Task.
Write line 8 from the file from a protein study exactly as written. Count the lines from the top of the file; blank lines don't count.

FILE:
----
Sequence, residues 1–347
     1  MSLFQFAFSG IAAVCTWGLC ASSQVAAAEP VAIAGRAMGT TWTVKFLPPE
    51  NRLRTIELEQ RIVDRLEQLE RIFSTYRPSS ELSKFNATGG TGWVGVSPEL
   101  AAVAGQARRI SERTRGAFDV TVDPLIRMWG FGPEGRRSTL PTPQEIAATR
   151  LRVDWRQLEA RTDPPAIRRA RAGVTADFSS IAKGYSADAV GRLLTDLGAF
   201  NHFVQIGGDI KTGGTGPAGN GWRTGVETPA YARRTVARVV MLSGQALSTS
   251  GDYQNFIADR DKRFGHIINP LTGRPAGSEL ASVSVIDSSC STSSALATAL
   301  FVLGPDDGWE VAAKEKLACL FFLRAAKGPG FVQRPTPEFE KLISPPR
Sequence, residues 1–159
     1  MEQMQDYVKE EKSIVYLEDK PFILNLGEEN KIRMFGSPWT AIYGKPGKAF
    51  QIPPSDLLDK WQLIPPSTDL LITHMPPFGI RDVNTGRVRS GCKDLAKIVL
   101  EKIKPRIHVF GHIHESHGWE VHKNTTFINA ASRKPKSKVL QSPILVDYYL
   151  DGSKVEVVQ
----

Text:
   301  FVLGPDDGWE VAAKEKLACL FFLRAAKGPG FVQRPTPEFE KLISPPR